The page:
- Composers: Gary Mounfield; Martin Duffy; Andrew Innes; Robert Young; Jim Hunt; Duncan Mackay.
- Personnel: Jim Hunt, Duncan Mackay (recorder); Jagz Kooner (programming); Keith Tenniswood (drum programming).
- Audio Mixers: Hugoth Nicolson; Jagz Kooner; Adrian Sherwood; Kevin Shields ; Phil Mossman.
- Editor: Cheeky Paul.
- Unknown Contributor Roles: Bernard Sumner; Gay-Yee Westerhoff.
- Primal Scream's XTRMNTR is a wild burst of raging, full-on, glorious noise, as funky beats meet distorted rock guitars head-on, united by the inimitable, agitated vocals of front man Bobby Gillespie. This album is all the Primals' previous incarnations thrown into a blender and mixed with a splash of free jazz, with production credits from the Chemical Brothers and David Holmes.
- The follow up to 1997's VANISHING POINT, XTRMNTR is a far more aggressive album. It ranges from the cynicism of the opening track "Kill All Hippies" ("You got the money, I got the soul"), to the intense ranting of "Pills" and "Swastika Eyes" ("all jails are concentration camps, all judges are bought"). But despite the evident aggression, XTRMNTR isn't lacking in color. "Blood Money" features some wonderfully jazzy brass over the top of a driven bass line, while "Keep Your Dreams" is laid back, dreamy and reflective. XTRMNTR is a blazing, top-notch album, both terrifying and magnificent.
Rolling Stone (5/11/00, p.131) - 4 stars out of 5 - "...A sober, brutally visceral experience....This is one ball of aggression that hangs together, thanks to the band's smarts and funk. Just call XTRMNTR the BATTLE OF LONDON."
Entertainment Weekly (5/19/00, p.74) - "...Mixes thunderous big beats and red-alert synth squalls into a loose concept album that rails against political oppression and other evils....the U.K.'s most adventurous pop band-turned-white-noise addicts." - Rating: B+
Q (7/01, p.90) - Included in Q's "50 Heaviest Albums of All Time".
Q (1/01, p.93) - Included in Q's "50 Best Albums of 2000".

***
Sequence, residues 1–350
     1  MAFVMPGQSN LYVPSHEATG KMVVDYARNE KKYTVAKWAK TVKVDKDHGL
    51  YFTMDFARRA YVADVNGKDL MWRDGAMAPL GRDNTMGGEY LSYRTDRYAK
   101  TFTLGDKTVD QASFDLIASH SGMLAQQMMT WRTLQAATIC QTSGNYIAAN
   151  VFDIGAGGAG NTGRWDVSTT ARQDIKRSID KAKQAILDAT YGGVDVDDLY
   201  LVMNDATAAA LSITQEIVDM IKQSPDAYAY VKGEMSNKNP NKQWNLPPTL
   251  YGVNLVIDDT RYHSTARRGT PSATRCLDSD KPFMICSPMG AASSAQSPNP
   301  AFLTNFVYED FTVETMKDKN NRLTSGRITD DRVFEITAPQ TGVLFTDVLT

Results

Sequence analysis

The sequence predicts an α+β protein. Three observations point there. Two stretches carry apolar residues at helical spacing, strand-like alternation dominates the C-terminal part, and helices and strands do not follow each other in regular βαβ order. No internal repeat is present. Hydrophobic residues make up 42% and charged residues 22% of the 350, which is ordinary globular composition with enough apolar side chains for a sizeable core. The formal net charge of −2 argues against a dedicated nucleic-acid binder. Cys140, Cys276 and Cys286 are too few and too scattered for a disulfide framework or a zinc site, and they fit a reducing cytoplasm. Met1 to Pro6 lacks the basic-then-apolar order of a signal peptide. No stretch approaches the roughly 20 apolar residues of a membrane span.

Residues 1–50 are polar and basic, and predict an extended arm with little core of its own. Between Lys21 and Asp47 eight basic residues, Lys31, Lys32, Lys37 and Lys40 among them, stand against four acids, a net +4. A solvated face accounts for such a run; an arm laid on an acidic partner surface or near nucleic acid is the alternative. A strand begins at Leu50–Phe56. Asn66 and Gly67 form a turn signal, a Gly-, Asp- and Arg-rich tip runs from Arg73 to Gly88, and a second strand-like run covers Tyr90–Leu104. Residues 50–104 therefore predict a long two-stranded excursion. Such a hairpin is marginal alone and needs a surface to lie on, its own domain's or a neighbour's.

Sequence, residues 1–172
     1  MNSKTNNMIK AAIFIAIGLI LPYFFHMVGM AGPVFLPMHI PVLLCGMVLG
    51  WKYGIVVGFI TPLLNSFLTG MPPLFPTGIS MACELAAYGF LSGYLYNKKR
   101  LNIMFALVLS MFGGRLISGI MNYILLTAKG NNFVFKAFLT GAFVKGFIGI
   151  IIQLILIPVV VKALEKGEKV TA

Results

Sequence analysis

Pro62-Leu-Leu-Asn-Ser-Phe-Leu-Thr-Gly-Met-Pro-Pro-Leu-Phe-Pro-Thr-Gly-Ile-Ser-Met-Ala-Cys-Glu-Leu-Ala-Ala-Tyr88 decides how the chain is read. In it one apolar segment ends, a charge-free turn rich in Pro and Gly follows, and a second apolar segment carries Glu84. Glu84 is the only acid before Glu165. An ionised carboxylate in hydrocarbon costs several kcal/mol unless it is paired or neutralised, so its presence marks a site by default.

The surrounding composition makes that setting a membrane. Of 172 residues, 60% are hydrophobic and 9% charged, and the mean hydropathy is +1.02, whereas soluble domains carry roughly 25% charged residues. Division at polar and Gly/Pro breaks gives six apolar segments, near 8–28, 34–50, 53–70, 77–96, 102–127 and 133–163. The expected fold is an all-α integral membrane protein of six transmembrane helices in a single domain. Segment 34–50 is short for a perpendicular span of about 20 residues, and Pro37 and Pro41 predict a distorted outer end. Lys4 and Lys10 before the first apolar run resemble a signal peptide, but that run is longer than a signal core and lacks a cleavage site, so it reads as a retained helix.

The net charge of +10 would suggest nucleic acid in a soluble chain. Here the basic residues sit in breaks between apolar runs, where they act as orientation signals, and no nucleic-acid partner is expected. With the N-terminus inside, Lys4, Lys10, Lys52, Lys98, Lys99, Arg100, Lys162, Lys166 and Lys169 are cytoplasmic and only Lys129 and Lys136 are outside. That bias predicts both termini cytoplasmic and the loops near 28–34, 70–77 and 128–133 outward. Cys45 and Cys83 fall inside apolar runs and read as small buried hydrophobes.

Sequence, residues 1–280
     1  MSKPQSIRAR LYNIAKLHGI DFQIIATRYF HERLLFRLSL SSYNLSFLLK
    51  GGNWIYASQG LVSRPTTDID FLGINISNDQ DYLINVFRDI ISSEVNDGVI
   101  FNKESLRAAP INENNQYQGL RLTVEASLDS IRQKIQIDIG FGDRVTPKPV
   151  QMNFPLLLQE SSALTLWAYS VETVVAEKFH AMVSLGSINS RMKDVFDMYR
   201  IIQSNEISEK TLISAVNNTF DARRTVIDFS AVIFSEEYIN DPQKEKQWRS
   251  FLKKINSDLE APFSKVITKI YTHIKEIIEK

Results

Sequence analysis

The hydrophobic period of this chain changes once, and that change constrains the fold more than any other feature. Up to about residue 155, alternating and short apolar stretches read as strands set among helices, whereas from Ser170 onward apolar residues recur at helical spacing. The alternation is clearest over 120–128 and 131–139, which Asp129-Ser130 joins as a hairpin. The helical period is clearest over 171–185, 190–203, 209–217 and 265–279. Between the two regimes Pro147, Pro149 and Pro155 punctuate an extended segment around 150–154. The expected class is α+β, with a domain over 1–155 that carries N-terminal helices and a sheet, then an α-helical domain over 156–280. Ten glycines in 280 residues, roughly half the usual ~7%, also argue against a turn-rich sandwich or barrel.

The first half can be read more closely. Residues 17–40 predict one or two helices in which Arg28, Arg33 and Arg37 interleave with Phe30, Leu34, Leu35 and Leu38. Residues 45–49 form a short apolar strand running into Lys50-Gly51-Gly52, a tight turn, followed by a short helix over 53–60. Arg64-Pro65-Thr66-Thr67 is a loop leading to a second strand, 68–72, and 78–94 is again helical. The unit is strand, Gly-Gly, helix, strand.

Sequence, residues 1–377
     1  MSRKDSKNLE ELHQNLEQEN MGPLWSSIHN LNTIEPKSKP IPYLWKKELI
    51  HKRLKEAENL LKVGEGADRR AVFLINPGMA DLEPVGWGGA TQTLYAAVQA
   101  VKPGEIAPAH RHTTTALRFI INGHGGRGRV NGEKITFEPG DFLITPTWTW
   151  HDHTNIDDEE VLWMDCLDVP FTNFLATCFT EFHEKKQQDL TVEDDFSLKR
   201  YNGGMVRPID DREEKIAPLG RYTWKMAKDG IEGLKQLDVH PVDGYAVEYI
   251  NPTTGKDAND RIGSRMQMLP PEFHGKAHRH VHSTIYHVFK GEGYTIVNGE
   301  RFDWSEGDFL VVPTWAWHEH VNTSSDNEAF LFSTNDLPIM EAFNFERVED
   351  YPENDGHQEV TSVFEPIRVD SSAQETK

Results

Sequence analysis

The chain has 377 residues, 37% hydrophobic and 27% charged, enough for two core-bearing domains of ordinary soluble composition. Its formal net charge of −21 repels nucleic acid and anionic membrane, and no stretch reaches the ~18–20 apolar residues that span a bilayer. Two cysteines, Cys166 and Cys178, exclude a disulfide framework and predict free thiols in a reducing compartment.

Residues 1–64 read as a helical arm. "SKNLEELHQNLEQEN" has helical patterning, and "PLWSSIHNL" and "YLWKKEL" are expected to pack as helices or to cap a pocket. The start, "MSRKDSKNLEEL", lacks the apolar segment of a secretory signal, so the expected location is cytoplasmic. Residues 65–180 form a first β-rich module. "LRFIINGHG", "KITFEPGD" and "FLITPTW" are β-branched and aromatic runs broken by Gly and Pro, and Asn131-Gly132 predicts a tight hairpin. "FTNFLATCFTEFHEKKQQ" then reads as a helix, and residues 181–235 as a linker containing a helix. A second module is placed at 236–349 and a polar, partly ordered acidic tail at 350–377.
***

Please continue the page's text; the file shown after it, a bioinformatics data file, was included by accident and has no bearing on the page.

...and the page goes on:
Q (3/00, p.110) - 4 stars out of 5 - "...a darkly uncompromising and often difficult record: uneasy, sinister and, in layman's terms, a bloody racket....anyone with the first notion about rock'n'roll will catch thye whiff authentic mayhem here....as avant-garde as the mainstream gets..."
Alternative Press (11/00, p.144) - Included in AP's "10 Essential Political-Revolution Albums"
Alternative Press (5/00, p.75) - 4 out of 5 - "...a Baskin-Robbins shop that makes 31 flavors of amphetamine sulfate instead of ice cream: each flavor is totally wired and totally tasty..."
Magnet (1-2/01, p.45) - Included in Magnet's "20 Best Albums of 2000" - "...Hypnotic, frenzied songs...reinvigorate tired pop standards and introduce a new world order..."
The Wire (1/01, p.34) - Included in Wire's "50 Records Of The Year".
CMJ (1/08/01, p.17) - Included in CMJ's "Best of the Year" for 2000.
CMJ (5/00, p.67) - "...They've ratcheted up the intensity quite a bit this time around....loud, kinetic bass and keyboards, a menacing mix of abrasive squeals, block-rockin' beats and post-'Blue Monday' electropop..."
Mojo (Publisher) (p.59) - Ranked #65 in Mojo's "100 Modern Classics" -- "[A] harsh marriage of pounding electro and speaker-blowing punk rock..."
Mojo (Publisher) (2/00, p.87) - "...a continuation of that sub-basement tapes attitude, frayed memories of revolutionary music...crafted into a rare kind of discordant anti-pop malevolence....Brutal, aggressive [and] subterranean..."
NME (Magazine) (12/30/00, p.77) - Rated #2 in NME's "Top 50 Albums Of The Year ".
NME (Magazine) (2/14/00, p.44) - "...obligatory, heavy, urban and set out to take the strain of a world at war with itself. Their finest music since SCREAMADELICA set an early high-water mark, and in dealable quantities, there was even jazz, too. Trrfc."